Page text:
Why do I always get rejected? 10 tips on how to get the "buy in". Part 1

Some of what I do is to initiate or be involved in design and product production programs. This requires me to be involved in, design and program management, negotiations with vendors, and getting management to buy into a concept.
Here are a few tips that I have used to help me get my programs accepted, ideas sold, project budgeted as well as implemented.

1) Know who is the decision maker

As we all know, in every organization there is a decision maker. Common sense eh? Not quite, a lot of vendors, sales men, or even design consultants don’t really take an active effort to find out who actually makes the buying decision in the organization.
The problem is often that who the decision maker is, is not very clear. The trick is to find, talk to and sell to that person directly. If you cannot get to that person, find the person that has direct access to him. This works for both internal and external selling.
2) Get an internal advocate
I would say this is one of the big secrets of selling. Find someone that likes you and your product. Then get this person to sell your product within the organization. Preferably, the best internal ally would be the person that has direct access to the decision maker.
Even if you can sell directly to the decision maker, having back up from your internal ally is also a good thing.
3) Find out what motivates the decision maker?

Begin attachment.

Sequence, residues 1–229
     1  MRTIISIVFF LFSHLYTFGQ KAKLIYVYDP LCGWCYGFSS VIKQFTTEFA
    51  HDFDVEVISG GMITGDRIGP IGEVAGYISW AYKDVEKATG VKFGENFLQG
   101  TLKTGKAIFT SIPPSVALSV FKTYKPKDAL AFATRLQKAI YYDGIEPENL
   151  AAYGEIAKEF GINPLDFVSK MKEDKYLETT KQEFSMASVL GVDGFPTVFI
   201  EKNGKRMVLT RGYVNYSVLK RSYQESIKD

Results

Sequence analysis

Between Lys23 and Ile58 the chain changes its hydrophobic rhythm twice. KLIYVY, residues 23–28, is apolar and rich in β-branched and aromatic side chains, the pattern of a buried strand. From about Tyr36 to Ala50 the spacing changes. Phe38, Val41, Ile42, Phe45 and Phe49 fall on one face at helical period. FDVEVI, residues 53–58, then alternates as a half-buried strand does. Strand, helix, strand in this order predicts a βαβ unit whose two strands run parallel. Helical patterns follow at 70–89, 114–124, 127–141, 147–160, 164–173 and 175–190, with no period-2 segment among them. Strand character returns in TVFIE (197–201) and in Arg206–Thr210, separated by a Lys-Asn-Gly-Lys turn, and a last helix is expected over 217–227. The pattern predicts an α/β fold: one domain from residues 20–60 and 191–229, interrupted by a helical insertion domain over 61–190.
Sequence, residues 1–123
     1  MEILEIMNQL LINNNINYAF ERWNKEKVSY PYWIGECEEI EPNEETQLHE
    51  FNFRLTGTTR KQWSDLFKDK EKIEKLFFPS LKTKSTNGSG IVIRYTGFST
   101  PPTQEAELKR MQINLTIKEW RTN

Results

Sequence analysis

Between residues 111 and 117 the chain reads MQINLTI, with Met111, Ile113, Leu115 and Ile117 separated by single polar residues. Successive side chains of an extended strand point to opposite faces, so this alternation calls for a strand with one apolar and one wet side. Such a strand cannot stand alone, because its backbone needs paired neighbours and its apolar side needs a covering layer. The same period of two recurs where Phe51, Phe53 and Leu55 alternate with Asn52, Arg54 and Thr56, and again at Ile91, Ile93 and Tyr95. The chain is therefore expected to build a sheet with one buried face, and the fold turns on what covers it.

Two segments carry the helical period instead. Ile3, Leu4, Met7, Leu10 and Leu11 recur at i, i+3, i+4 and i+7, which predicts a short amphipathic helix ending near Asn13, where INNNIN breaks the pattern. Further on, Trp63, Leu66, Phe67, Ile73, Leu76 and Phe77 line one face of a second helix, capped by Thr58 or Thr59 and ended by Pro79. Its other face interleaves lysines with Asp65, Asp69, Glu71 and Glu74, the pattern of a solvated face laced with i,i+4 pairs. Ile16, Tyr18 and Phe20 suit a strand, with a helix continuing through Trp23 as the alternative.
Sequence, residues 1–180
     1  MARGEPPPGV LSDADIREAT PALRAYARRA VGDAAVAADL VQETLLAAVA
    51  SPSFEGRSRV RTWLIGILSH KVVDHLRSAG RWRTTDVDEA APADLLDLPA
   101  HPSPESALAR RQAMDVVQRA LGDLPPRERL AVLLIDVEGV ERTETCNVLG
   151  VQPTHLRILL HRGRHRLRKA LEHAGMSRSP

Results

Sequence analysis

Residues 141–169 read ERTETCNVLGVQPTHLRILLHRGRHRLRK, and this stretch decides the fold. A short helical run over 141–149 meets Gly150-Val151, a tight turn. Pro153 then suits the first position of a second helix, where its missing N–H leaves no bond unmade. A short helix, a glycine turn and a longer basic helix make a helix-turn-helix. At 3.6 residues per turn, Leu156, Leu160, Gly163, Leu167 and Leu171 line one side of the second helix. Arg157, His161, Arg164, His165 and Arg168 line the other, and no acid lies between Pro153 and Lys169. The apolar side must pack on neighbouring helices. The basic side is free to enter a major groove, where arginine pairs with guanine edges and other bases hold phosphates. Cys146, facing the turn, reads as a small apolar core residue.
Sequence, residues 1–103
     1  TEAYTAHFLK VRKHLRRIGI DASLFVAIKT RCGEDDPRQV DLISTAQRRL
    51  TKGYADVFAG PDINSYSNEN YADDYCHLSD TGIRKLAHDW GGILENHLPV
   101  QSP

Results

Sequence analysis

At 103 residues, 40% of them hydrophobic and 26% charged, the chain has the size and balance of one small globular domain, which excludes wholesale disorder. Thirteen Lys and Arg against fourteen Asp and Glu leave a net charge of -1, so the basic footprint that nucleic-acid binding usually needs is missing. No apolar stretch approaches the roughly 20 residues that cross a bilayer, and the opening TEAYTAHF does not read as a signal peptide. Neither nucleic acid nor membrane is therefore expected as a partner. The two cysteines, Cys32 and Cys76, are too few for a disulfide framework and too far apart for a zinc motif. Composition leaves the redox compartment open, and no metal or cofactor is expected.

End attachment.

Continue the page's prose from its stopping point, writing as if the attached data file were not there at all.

This is an interesting one. It basically oils the gears, and to get it to work needs a little more time. Basically you need to know what the decisions maker is looking for in his or her life and how you, your idea, or your product will help him/her achieve it. It could be fame, fortune, happiness etc. The hard part is finding it.
4) Find out what is the corporate agenda?
Oops you failed to convince the decision maker or the person next in line. Why? The answer is you probably did not do your home work well enough. You need to look at how your product can be part of the organization or how it can fulfill the corporate agenda or objective.
I find telling a story in your pitch helps people imagine how their life or company can be better with your idea or product.
5) Understand the protocols involved.
You have just given your most persuasive presentation to the decision maker, and you even get a verbal commitment, however the deal falls through. The next thing to do is not give up and cuss, but actually find out if it was really a problem with corporate bureaucracy or protocol.
In many companies, decision makers don’t actually make decisions alone. This is more so for decision makers higher up in the food chain in large organizations. Even though they may like your idea a lot, they will often still consult the other members of his/her executive staff or other senior business leaders under them. This is because they may need to ensure your product or design does not adversely affect other aspects of the business.
Other protocol problems could also be documentation or the use of the dreaded proposals. Somehow there are companies who love and only operate on such proposals, however it often gets lost in the bottom of the pile so you will need to be vigilant.
Thats all from me tonight, please stay tuned for part 2 which will be up in the next few days.


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